A groom with a good MBA can command a dowry of Rs6 million (US$132,000) from his prospective bride's family - just Rs500,000 (US$10,000) less than what an IAS officer can command.

"There has been no official study because dowry is illegal and no one will admit to giving or receiving it. It is entrenched in the social order and we hear about the figures being commanded by grooms," said Dr Nilima Srivastava of the school of gender and development studies at Indira Gandhi National Open University (IGNOU) in New Delhi.

Some believe parents push their children into studying a particular subject because of its impact on dowry or the marriage market prospects. But this is hard to prove.

"Nobody chooses a subject because he will be able to demand dowry. The IAS exam, for example, is so competitive. And qualifying at the IITs and IIMs is equally difficult. At this point all you are thinking of is studying and whether you are good enough to qualify," said Prakash Kumar, a first-year student at IIT Delhi.

Ranjan Jha, a college student from Patna, agreed. "I am against dowry. But I know several relatives who took dowry. It is only after you have become a doctor or an engineer that they put a value to your degree. But when you are studying, parents just want you to get a good job," Jha said.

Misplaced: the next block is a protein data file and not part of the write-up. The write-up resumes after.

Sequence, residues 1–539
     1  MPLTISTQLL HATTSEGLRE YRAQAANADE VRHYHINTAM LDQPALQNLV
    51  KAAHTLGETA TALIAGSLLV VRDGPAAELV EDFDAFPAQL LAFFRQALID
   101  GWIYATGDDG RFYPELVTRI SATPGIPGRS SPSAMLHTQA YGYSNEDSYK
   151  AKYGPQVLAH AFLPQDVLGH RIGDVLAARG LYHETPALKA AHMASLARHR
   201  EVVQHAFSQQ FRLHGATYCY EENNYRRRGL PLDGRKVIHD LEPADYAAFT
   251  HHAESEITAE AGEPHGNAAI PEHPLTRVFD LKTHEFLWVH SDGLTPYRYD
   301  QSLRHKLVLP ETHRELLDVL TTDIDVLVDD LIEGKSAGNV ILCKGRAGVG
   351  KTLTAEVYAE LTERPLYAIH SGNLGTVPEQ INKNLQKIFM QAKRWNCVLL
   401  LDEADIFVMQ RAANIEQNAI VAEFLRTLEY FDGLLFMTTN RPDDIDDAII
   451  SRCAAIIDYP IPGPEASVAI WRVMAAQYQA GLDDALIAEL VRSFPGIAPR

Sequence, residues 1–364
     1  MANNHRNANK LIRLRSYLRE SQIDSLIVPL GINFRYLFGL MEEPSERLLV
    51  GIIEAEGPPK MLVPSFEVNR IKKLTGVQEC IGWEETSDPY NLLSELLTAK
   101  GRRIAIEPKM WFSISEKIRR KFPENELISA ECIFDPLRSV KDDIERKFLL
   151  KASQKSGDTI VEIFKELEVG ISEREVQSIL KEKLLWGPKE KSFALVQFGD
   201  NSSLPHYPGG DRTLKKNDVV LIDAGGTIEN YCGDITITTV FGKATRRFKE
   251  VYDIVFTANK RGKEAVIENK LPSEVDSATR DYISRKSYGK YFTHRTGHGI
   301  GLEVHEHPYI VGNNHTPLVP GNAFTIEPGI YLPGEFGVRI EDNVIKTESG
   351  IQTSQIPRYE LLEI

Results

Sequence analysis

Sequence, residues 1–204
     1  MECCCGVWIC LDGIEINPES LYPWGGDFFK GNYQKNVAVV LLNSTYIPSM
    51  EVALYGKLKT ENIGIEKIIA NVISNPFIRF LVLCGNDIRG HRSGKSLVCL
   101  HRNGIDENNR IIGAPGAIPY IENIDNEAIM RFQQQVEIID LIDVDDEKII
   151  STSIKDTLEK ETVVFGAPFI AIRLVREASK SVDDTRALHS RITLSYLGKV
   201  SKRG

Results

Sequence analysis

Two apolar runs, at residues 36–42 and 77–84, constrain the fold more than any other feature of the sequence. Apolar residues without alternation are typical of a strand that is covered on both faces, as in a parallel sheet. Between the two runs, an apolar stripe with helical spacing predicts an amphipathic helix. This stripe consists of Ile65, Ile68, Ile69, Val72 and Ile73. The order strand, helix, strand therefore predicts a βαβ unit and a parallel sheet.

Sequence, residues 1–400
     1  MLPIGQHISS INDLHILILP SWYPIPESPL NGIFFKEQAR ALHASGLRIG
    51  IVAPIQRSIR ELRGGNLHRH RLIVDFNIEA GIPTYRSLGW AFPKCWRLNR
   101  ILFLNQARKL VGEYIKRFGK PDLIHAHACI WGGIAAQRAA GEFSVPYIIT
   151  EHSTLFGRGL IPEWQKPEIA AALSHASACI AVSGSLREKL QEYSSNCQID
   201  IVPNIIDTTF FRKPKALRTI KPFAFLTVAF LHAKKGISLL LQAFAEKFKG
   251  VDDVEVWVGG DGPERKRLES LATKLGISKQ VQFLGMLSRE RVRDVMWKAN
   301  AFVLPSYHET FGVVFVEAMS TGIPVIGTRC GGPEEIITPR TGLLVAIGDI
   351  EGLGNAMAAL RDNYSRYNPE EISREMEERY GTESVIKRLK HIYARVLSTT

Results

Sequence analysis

Educated women pay less

Educating girls seems to have paid off for parents who find that they can counter the scourge of dowry through education. Parents of highly educated financially independent women say they need to find a much lower or even no dowry when a match is agreed.

A number of parents interviewed said they wanted their daughters to be educated and independent so that they would not have to pay a dowry to the groom's family.

A study by IGNOU's Srivastava found that the instances of dowry payment were lower for educated and professionally qualified women.

"If a woman is financially independent she will contribute towards the family income. The in-laws realise this and do not demand a dowry. Moreover, with a rising cost of living and young couples living without support from parents, men want that [financial] support from their wives," said Srivastava.

Some things never change

But for young women, especially from middle-class and poorer families, the expense of a professional course can puts parents off if they are not seen as able to improve marriage prospects. Parents would rather save the money to give away as dowry to secure a 'better' husband for their daughters.

"In our society nobody will ask how qualified the bride is. They will ask what [dowry] she has brought with her. I would rather save Rs400,000 to spend on her wedding than on an [expensive] engineering or MBA course. At the end of the day she will get equal value from a master of arts degree," said Ranjit Chauhan, a father from Gurgaon near Delhi.

"Many of my friends opted for engineering after school. But I chose a humanities course because I know that after marriage I will not be allowed to work," said Shreeya Somnath, a college student in Cuttack, Orissa.